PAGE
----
Amnesty implores US not to use incendiary bombs against Mosul

Armed with evidence the U.S.-led coalition in Iraq is using white phosphorous bombs against the expanse surrounding Mosul, Amnesty International (AI) has appealed to Washington to refrain from using the incendiary devices to prevent against civilian deaths for the duration of the offensive against Islamic State militants in Mosul.

Defined as a weapon which is designed to set afire or cause injury by flame or heat, incendiary devices are regulated by the Convention on Certain Conventional Weapons (CCW) and banned by the Geneva Convention. Multiple international laws prohibit the use of incendiary weapons against civilians or in civilian areas.

Obtained on Oct. 20, AI, a human rights group, claims to have photographic evidence and eyewitness accounts of the American-led coalition using white phosphorous against Karemlesh, Iraq, approximately 15 miles from Mosul.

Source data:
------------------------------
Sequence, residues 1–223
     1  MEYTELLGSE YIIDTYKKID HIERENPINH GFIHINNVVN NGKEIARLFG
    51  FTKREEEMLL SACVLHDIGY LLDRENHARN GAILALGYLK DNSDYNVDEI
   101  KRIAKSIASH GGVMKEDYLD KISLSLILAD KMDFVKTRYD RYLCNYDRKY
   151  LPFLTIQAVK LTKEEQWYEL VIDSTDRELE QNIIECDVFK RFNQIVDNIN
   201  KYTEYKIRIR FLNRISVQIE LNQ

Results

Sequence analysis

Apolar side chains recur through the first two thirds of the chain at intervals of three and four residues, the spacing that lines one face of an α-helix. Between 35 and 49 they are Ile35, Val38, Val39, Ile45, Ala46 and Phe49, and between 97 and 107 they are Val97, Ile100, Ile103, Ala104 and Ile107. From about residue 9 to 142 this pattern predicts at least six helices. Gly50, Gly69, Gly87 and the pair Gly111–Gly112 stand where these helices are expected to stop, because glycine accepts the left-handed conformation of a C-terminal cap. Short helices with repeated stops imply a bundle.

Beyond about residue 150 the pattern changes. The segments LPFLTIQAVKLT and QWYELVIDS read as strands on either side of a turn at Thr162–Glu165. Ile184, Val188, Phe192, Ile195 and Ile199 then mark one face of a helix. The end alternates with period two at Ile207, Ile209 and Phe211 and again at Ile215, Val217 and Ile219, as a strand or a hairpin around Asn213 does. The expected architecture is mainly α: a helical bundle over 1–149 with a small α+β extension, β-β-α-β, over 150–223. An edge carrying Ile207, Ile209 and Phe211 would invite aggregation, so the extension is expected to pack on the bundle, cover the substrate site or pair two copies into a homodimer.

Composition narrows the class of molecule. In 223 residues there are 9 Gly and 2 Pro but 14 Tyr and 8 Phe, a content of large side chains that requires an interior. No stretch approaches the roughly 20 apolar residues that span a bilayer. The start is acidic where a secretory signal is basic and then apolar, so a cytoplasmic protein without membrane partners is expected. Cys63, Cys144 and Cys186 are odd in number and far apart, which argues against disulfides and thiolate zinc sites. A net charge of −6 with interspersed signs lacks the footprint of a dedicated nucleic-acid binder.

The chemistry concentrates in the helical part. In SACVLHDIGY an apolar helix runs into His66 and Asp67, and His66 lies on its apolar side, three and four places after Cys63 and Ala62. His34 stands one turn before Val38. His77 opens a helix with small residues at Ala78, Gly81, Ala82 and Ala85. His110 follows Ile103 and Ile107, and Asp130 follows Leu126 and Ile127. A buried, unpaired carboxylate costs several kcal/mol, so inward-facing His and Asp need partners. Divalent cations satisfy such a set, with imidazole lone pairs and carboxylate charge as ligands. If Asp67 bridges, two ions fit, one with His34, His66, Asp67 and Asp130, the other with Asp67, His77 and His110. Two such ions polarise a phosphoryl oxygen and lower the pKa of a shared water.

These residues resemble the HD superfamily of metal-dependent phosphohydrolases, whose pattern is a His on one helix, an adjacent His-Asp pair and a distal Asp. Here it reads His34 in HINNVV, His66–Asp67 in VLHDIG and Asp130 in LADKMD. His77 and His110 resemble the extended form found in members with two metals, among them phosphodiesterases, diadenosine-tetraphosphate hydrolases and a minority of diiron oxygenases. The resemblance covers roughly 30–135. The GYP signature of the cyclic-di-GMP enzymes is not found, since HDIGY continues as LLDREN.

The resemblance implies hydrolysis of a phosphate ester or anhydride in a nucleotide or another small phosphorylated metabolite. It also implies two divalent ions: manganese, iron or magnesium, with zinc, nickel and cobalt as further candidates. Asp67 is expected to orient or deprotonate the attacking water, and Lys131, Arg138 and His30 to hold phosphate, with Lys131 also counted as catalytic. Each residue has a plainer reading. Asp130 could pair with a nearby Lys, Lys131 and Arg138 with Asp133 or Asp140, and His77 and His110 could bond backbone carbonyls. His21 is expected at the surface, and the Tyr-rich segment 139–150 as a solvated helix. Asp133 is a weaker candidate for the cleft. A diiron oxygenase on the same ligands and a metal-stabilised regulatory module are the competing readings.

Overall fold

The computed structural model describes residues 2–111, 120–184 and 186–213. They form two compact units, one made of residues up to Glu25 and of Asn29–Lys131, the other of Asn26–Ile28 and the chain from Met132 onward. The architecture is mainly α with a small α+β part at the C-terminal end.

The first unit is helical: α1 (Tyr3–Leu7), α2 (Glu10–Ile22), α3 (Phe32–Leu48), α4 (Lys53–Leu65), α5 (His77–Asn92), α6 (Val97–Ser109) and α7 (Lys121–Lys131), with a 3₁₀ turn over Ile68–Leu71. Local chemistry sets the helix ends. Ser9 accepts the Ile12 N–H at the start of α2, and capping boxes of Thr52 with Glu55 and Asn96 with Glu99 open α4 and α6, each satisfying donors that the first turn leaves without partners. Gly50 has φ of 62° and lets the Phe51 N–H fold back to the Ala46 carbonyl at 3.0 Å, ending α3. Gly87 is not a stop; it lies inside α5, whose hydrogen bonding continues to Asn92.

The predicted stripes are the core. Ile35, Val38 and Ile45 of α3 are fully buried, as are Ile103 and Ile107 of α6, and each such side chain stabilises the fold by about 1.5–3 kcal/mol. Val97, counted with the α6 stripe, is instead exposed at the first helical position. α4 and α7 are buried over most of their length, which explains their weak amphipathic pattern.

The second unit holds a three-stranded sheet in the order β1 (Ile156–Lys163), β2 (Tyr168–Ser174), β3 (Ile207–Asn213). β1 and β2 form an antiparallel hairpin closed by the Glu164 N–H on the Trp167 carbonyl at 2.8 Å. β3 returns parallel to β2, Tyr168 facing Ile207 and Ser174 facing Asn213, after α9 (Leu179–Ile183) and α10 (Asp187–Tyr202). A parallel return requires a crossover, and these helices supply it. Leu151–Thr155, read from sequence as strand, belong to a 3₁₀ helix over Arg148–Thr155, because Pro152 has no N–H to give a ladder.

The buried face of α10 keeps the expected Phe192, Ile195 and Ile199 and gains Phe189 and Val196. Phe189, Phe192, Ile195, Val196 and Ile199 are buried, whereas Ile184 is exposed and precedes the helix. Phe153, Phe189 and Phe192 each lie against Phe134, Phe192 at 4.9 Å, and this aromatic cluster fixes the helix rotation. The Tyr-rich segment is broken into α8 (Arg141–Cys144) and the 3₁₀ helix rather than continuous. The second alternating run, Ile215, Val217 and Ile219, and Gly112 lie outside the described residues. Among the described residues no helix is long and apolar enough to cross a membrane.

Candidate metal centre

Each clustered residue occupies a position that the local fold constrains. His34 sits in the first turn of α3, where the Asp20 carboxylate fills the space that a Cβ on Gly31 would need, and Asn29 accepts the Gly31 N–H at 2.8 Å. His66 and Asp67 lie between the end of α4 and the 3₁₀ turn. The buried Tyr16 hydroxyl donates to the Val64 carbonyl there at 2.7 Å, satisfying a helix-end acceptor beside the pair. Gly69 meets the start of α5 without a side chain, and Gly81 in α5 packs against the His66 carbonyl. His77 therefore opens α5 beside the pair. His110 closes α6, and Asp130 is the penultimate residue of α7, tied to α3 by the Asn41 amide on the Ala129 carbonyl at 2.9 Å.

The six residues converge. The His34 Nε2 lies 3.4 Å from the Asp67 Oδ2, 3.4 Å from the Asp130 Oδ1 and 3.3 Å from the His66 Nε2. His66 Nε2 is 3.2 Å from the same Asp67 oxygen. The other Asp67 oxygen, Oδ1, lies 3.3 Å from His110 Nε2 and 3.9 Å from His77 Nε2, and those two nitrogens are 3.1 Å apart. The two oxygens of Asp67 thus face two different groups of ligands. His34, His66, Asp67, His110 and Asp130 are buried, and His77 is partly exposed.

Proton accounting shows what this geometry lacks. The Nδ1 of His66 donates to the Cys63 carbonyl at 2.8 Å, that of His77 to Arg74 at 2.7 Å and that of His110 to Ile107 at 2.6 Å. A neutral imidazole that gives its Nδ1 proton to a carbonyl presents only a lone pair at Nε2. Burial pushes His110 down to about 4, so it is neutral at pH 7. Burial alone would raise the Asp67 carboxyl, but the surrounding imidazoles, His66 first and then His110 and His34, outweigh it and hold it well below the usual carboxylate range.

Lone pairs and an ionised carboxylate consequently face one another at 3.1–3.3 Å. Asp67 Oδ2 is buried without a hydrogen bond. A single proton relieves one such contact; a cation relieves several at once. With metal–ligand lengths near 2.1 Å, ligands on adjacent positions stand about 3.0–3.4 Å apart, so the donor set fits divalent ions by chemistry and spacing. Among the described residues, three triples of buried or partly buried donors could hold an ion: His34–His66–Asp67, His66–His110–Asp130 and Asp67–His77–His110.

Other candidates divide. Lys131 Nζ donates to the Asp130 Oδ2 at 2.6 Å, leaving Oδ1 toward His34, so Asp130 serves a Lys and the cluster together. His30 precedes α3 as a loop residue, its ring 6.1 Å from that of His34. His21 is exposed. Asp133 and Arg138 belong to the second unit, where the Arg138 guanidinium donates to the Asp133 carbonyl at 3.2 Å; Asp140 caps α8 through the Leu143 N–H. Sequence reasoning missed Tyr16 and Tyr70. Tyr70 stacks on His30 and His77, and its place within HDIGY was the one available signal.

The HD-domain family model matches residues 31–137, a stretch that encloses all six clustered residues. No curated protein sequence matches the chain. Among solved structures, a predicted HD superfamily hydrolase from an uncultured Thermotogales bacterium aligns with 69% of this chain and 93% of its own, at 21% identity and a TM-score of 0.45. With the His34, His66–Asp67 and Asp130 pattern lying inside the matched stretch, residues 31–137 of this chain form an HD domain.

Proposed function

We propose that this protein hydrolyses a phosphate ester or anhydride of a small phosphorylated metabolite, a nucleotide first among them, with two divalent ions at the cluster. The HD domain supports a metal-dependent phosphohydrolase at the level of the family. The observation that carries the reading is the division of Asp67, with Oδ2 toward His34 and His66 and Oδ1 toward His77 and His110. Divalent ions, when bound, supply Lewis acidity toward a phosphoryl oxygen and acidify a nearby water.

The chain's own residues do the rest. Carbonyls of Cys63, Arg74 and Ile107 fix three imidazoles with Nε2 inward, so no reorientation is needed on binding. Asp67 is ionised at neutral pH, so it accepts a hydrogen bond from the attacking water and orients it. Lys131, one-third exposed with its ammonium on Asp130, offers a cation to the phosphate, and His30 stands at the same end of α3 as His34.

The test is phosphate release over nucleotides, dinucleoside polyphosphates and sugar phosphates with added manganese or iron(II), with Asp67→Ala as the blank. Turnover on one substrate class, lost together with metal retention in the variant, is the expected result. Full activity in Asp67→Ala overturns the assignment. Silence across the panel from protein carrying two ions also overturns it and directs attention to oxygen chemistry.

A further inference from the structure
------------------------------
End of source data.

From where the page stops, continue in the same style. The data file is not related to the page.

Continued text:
Concerned the weapon will cause mass injuries or leave escape routes from Mosul contaminated, Amnesty International’s Donatella Rovera, a senior crisis adviser, said:

“White phosphorus can cause horrific injuries, burning deep into the muscle and bone. It is possible that some of it will only partially burn and could then reignite weeks after being deployed.”

Concerned for the safety of the civilian population, the rights group has called on the leadership of the American coalition to avoid the use of the weapon or give advance warning over its use when the coalition carries out operations against Mosul to “to minimize the risk of accidental harm to civilians.”

As of Oct. 17, when Operation Inherent Resolve commenced, the American-led alliance has admitted to dropping over 2,500 projectiles against the city, which is inhabited by 3,500 to 5,000 ISIS militants against an estimated 1.5 million civilians.

Amnesty believes over 100,000 civilians have fled from the city since the beginning of the offensive.


[RT News] [Photo courtesy]